Yeah, the building codes and HOA requirements added cost. What are you gonna do? Our house is paid for. Jumping thru the hoops may be the cheapest in the long run. HOA requirements almost doubled the cost. You can't buy a Tuff Shed and put it in your back yard. That can only be as tall as the block fence. They intend the homes in this area to be "entry" homes. First time buyers, younger people without so much accumulation of stuff. There is literally no storage in this house. We have added cabinets in the garage for reasonable storage. We sold almost everything we owned at the auction, remember. Most people around here have their attached garages full of stuff and let their car set outside. The HOA will fine you if you park on the street. People park on the street and pay the fine. It costs about the same as paying for storage of a vehicle. Nearly everybody out here pays for a storage locker of some type. We have the Buick in storage.
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Re: Finally, they are working on the shop

Post: # 2488Post TC Chris »

Firedome wrote: Thu Oct 14, 2021 1:45 pm If I ever get another chance I'll build the biggest shell I can, won't be fancy, as it would be typical metal sided and roofed pole-building specs and no a/c, but insulated well, lots of electric, a smooth expoxied floor, and a lift (dream on!).
When I was in college, I had a roommate who grew up about an hour away. His dad owned a defunct gas station that had a hydraulic lift. The roommate was kind of a dainty guy, one who knew where to put the gas and the key to make the car go and little else. He had zero interest in cars beyond transportation and style. That nice hydraulic lift got no exercise. At least until my buddy with the '64 Corvette (convertible/hardtop) solid-lifter 327 decided he needed more interesting mufflers. Maybe this was after I had put a J.C. Whitney dual exhaust glass-pack system on the Chevy. In any event, we drove to Upper Sandusky and had our own lift to work with. What a luxury!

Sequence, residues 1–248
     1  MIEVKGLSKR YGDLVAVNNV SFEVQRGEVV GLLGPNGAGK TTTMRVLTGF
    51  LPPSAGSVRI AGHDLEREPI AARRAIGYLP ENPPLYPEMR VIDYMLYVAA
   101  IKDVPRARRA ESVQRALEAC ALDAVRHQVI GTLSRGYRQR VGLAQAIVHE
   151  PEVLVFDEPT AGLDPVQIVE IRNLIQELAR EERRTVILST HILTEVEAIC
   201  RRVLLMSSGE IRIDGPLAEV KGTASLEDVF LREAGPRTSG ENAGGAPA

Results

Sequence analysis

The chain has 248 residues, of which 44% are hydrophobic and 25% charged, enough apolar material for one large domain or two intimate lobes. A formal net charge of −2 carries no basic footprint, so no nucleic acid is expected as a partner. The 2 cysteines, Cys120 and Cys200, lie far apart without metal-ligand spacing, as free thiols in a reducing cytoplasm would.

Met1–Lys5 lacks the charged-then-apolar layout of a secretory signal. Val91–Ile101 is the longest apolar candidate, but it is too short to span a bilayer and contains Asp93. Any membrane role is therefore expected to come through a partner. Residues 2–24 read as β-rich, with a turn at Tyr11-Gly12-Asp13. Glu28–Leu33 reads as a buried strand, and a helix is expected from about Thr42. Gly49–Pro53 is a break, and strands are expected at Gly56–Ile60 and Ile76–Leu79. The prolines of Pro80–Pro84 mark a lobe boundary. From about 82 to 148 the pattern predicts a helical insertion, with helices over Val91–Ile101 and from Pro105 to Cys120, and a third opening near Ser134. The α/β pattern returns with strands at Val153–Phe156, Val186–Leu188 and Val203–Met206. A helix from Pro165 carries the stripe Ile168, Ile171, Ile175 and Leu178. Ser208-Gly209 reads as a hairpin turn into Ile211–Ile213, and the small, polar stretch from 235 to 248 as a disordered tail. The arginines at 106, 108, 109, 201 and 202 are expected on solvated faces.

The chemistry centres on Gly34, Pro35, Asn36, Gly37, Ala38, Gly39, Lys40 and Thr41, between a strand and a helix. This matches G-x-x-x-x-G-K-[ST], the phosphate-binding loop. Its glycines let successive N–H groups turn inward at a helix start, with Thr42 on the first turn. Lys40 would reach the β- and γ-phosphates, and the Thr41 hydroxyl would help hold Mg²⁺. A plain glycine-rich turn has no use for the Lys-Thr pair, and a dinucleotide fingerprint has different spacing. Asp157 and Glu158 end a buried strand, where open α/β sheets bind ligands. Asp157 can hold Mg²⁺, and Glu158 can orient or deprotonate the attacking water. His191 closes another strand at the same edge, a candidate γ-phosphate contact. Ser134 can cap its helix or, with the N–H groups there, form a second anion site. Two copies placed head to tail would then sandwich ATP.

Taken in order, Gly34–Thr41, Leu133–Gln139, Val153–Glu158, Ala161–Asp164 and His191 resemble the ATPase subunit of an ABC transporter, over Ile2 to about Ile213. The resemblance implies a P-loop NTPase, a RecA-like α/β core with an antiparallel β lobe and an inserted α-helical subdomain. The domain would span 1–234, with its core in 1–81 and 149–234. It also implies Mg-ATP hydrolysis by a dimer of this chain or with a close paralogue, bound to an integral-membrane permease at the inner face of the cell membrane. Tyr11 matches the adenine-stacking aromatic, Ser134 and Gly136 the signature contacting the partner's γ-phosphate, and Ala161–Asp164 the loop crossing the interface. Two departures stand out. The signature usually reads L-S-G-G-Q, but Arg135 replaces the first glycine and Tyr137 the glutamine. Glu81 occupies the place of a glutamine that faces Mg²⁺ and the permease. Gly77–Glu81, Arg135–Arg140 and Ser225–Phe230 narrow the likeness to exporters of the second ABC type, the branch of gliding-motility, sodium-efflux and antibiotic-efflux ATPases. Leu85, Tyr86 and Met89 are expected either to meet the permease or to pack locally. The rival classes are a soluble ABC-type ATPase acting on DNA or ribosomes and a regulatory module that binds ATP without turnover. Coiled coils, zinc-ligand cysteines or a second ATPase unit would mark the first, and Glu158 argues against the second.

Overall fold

There aren't many defunct gas stations left, and those that remain also come with the liability for leaking underground tanks. But "deleted", I sure was jealous.

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Re: Finally, they are working on the shop

Post: # 2494Post Motorola minion »

Nice post Greg, good to see you starting over with a new approach to everything.

I must admit my 2015 basement-addition shop is a bit smaller than the "playroom" I used as a kid (1970s) in my parents basement. The features of that basement room were many, though I took it for granted then but it was chilly in the winter as the forced-air electric heat was not making it to floor level.

My new shop has most of the features of that 1970 house; Grade-level entry, air conditioning and an exposed limestone wall that dates to the original 2-story-2 room house, which is over 200 years old.

The must have features for an ideal shop appear to all be included from what you described but icing on cake here is that its detached and may need some sound absorbing material depending on how loud you get.

My basement shop is not so good there, the wife has great hearing, allowing me to see if equipment sounds good enough to send back. My garage and barn shops are great for what I call "UL-testing" that's unfamiliar listener testing, where I max out volume to expose any lingering issues.

I highly recommend some ventilation (100 cfm minimum) for soldering and magic smoke, should that escape from an amp chassis or power supply. An operable window or door to the outside helps to bring in fresh air unless your AC-Heat pump can be set to the make-up air from an outside vent.
There is nothing better than incandescent lamps for those up-close tasks. Up-high lighting needed for the space is best used as LED shop lights or retrofit some classic fluorescents with LED tubes. I have found both to emit even less EMI/RFI than original T12 tubes. T8 and CFL lighting plus even some LED spot-lamps can be VERY noisy.

A feature used in my shop similar to 2 circuit to each receptacle Hydrolastic has, is a 3-way light switch to select bench outlets on either phase breaker to reduce line-transmitted interference. I suspect the two circuits to each location was to accommodate a 120 OR 240 volt outlet depending on what your equipment needs. I have no 240 outlets in my barn shop but the phase-swap 3-way helps a lot when I'm doing alignment.
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Re: Finally, they are working on the shop

Post: # 2495Post Motorola minion »

Nice post Greg, good to see you starting over with a new approach to everything.